But still African nations plough ahead. A new report released today by Rainforest Foundation UK and Earth Insight warns that the area of land given over to oil and gas extraction in Africa is set to quadruple. This not only threatens internationally important tropical forests and would accelerate climate breakdown but also lead to increased human rights violations.
One of the regions most at threat is the vast Congo basin, which covers Cameroon, Central African Republic, the Democratic Republic of the Congo, Republic of the Congo, Equatorial Guinea, and Gabon, where an area equating to twice the size of Germany is under threat.
The region is also home to 150 distinct minority groups, with 35 million people living in designated or proposed oil and gas fields, including hundreds of thousands of Indigenous peoples. Much of this gas, if developed will be exported and not benefit the local communities.
An analysis by Oil Change International last year found that sixty percent of projected production over the next three decades in Africa will be owned by multinational corporations. The vast majority of the gas will be for export.
Indeed, with ironic timing, the day after COP27 started Bloomberg reported that Tanzania was on the verge of signing a huge agreement with oil majors Equinor and Shell for a planned USD 40 billion liquefied natural gas export project. The gas will head to Europe or Asia. It will not be used domestically.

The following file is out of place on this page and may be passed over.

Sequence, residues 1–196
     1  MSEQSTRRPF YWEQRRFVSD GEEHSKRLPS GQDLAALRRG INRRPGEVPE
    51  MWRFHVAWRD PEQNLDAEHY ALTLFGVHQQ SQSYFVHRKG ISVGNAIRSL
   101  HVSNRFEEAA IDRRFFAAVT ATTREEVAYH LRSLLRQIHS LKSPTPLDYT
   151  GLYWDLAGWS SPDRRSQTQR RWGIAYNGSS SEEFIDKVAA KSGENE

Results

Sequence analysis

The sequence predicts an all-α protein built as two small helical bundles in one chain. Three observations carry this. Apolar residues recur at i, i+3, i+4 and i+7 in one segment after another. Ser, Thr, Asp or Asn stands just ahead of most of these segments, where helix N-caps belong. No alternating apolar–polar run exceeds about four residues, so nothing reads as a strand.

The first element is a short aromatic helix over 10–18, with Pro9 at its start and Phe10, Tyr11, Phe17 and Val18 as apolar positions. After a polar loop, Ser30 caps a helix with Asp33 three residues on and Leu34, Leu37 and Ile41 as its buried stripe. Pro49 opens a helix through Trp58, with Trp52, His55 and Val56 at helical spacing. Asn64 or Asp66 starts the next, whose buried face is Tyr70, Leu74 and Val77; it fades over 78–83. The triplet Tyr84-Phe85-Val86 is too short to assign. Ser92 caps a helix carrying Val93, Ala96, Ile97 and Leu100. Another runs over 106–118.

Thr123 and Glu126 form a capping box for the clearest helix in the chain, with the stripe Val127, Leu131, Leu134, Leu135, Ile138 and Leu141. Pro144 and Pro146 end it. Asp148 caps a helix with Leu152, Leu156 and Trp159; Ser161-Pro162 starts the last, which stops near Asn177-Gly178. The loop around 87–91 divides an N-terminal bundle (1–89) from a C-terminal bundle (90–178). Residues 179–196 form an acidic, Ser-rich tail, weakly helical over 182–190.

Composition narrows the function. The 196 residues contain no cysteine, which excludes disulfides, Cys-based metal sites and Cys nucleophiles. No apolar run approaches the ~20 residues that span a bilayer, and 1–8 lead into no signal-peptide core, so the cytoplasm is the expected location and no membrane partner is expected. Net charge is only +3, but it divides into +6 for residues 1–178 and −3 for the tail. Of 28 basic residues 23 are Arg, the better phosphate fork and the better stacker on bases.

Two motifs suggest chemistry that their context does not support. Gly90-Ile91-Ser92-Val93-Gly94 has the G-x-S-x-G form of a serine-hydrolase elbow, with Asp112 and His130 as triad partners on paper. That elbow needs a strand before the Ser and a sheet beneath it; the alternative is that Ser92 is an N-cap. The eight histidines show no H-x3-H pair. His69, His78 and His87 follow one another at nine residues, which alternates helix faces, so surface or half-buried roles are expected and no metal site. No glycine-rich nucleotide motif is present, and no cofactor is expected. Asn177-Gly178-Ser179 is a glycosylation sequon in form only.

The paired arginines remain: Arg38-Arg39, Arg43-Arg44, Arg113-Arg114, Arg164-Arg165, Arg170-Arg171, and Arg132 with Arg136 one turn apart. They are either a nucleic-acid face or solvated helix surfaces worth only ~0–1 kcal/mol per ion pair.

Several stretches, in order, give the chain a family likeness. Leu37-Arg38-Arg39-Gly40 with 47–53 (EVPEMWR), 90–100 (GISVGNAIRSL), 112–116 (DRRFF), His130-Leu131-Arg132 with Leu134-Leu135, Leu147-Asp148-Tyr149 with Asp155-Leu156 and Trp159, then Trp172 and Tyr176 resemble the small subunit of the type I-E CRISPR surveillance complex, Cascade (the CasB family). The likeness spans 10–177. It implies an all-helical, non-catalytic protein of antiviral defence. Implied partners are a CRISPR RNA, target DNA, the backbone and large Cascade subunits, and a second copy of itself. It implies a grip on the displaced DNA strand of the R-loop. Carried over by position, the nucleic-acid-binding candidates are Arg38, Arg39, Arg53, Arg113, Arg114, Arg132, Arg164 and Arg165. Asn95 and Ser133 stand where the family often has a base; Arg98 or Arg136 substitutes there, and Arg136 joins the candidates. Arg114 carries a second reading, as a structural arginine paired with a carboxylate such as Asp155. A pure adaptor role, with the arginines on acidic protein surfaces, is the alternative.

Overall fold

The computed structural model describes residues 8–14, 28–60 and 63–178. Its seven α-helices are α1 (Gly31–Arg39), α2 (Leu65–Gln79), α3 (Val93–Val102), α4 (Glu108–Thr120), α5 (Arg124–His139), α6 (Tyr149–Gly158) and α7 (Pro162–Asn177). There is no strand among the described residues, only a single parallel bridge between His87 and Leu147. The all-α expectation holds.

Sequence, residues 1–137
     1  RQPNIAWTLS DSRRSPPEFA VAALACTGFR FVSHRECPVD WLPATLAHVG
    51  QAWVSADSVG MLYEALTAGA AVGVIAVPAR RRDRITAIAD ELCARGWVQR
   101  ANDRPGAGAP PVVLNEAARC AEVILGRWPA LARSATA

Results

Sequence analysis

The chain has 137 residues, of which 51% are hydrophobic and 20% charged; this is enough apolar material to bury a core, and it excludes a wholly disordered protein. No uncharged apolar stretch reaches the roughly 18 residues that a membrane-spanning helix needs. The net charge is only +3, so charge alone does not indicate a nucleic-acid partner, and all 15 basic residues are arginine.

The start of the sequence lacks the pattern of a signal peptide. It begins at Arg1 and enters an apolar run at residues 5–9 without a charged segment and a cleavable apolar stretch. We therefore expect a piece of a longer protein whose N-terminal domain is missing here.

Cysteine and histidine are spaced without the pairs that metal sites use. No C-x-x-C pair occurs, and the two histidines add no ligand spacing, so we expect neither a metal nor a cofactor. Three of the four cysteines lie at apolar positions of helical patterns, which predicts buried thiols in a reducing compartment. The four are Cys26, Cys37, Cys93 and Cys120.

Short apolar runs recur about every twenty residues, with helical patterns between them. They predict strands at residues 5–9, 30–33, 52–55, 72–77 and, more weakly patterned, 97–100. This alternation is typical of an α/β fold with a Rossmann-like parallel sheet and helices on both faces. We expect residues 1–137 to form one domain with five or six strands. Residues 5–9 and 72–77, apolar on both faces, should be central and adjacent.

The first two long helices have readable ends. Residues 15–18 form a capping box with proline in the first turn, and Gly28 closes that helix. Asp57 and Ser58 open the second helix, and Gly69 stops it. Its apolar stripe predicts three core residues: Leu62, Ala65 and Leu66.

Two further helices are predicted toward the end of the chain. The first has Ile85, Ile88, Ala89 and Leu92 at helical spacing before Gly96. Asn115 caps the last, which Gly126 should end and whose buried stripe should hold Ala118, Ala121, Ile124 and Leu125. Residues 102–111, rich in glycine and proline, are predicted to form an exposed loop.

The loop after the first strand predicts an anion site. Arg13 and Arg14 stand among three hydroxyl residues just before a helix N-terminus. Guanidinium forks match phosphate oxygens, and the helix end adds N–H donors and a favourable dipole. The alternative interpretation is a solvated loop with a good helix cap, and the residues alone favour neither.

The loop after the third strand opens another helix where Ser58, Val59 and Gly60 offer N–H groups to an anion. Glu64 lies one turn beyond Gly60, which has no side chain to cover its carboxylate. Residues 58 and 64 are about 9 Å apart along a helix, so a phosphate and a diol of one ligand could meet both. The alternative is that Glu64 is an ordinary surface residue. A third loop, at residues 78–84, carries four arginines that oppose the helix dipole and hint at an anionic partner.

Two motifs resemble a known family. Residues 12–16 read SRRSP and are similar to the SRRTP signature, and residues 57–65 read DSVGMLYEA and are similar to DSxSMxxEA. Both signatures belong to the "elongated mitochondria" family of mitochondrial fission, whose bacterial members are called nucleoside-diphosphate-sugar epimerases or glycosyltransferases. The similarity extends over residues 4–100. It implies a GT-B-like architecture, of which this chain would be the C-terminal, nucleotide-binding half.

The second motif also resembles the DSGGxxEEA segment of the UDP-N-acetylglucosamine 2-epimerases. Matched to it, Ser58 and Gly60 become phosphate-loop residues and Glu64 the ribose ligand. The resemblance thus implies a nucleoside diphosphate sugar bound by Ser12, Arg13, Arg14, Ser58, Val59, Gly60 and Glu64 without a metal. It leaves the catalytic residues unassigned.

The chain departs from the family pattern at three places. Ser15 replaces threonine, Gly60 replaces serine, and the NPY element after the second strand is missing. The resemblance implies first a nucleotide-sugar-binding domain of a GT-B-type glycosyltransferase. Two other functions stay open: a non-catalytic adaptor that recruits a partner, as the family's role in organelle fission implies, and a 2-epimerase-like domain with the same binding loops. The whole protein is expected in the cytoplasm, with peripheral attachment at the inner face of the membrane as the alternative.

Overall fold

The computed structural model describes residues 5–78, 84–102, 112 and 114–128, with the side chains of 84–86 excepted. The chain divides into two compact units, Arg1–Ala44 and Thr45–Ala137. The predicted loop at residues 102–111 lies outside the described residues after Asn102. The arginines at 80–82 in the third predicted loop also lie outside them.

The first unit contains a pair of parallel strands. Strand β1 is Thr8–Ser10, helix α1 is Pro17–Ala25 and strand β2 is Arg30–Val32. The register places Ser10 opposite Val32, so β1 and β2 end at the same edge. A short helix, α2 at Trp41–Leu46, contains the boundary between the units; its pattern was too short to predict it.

So, despite its continuing toxic legacy in Nigeria and our deepening climate crisis, Shell continues to exploit Africa to enrich its shareholders and imperil us all.
But everyday resistance on the continent to the fossil fuel industry is growing. And today, on the twenty seventh Anniversary of the murders of the Ogoni 9, delegates at COP are remembering all those who have been murdered, tortured, or imprisoned fighting for ecological and climate justice.
Largest, longest and most emotive protest so far at Cop27 in solidarity with the thousands of environmental and human rights defender murdered and jailed, and the silencing of those alive by the Cop process where >630 fossil fuel lobbyists are now walking the corridors. pic.twitter.com/veoOwtZ9sG
— Nina Lakhani (@ninalakhani) November 10, 2022
OilWatch Africa has also issued a remembrance statement on the Ogoni 9. Nnimmo Bassey, who will be speaking later at the COP with my colleague Thuli on Ken Saro-Wiwa and the others, says simply: “We demand justice for our heroes, a halt to dependence on fossil fuels — the real climate action— and a restoration of all polluted lands and reparation for ecocide.”